BETHLEHEM, Pa. - Andy Reid doles out carries to his running backs like scraps under the table.
So when a back gets a leftover from his beloved passing game, it's best to gnaw on it and make the best of what's left on the bone.
But what happens when there are three or four running backs scrounging for carries? Are they satisfied with their portions or do they bark for more?
The Eagles have a stable of running backs in training camp this year, and the pecking order is in place. LeSean McCoy, taking over full time for Brian Westbrook, is the No. 1 tailback. Mike Bell, despite a hamstring injury he suffered Sunday, is the backup. And Eldra Buckley, Charles Scott and newly acquired J.J. Arrington will fight it out for the third spot.
But there is also Leonard Weaver, a hybrid fullback making running back money. The trick for Reid and offensive coordinator Marty Mornhinweg this season, however, is not divvying up the pie so that each running back is content. It's in finding the right complement to improve the offense.
Bell, playing for Super Bowl champion New Orleans last season, was part of one of the better three-headed running back monsters of recent memory. Pierre Thomas was the dual-threat, shifty tailback. Reggie Bush was the pass-catching threat out of the backfield. And Bell was the north-south, short-yardage back.
"We have great running backs in the backfield that can do different things and bring different things to the table," Bell said earlier in the day before his injury. "I think that's what you need. You need a variety of different things so teams won't get used to running the same exact play."
While the Eagles may not have the same firepower as the 2009 Saints, they do have running backs that balance each other. If the 6-foot, 225-pound Bell likes to power ahead, McCoy prefers to bob and weave through a defense.
"Mike is obviously a bigger guy and more of a power guy . . . and if he sees that spot and you're in the way, he's taking you with him," Reid said. "McCoy kind of picks and chooses in that area, but he's got that elusiveness that is rare in this league."
Both have displayed their styles in the early portion of camp, despite some early rust from the offensive line. Bell, before his injury, continued to get tough yards running as the second-team tailback against the first-team defense in the live tackling sessions of practice. McCoy showed a great burst, especially when he took a screen pass from quarterback Kevin Kolb Sunday and ran 30-plus yards for a score.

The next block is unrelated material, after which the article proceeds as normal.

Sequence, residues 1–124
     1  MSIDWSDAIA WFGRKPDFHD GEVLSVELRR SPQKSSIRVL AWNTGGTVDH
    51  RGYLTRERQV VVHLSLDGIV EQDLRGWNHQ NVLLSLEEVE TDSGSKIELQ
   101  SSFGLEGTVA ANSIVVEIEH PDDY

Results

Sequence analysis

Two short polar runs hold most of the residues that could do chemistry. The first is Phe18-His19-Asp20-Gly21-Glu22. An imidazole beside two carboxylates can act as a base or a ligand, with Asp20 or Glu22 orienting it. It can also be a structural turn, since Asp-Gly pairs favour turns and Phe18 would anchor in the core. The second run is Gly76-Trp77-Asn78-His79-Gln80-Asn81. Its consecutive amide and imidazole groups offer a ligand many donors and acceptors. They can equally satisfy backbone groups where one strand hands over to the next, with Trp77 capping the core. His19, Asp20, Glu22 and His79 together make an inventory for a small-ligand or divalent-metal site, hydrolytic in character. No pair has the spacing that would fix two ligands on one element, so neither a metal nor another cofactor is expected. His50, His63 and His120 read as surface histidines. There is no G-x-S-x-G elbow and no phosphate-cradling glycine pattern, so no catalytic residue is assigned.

"It feels like I'm a sophomore back at Pitt - finding holes, breaking tackles, making receptions," said McCoy, who left college after only two seasons. "Last year, I thought I had a good year. But there was something missing. The extra . . . whatever I have."
After two moribund seasons in Denver and then in New Orleans, Bell rebounded last season for 654 yards and five touchdowns on 172 carries. But when the Eagles signed him as restricted free agent, it raised a few eyebrows because Bell hadn't done much pass-catching since his rookie year and because he had pretty much never been asked to block.
Both skills are necessary for a running back in the Eagles' West Coast offense.
During the morning practice, Bell pancaked defensive end Trent Cole.
"I caught him off guard a little bit," Bell said. "It's important because I was never really asked to do that before in my career."
Arrington could find a niche if he shows he has recovered from microfracture knee surgery in June 2009. He participated in his first Eagles practice Sunday after the Eagles traded away linebacker Joe Mays to Denver for his rights. Even though his new No. 33 jersey didn't have his name on the back, Arrington feels like his pass-catching abilities will keep him aboard.
"I definitely think I can bring that here," Arrington said. "I used to run routes and stuff outside the backfield, so I figure once I understand the routes and the motions, I'll be pretty good with that."
If Arrington does pan out - or even if Buckley, a relentless runner, or Scott, a run-over-people rookie, wins the last spot - the Eagles could have their best trio of running backs since 2003 when Correll Buckhalter, Duce Staley and Westbrook split Reid's crumbs.
"It's important to have three good running backs and that's what we're trying to put together here now," said Staley, a coaching intern during camp. "Of course, these guys are young. McCoy is young, but you see the talent in McCoy. When you look at Bell, you see the talent."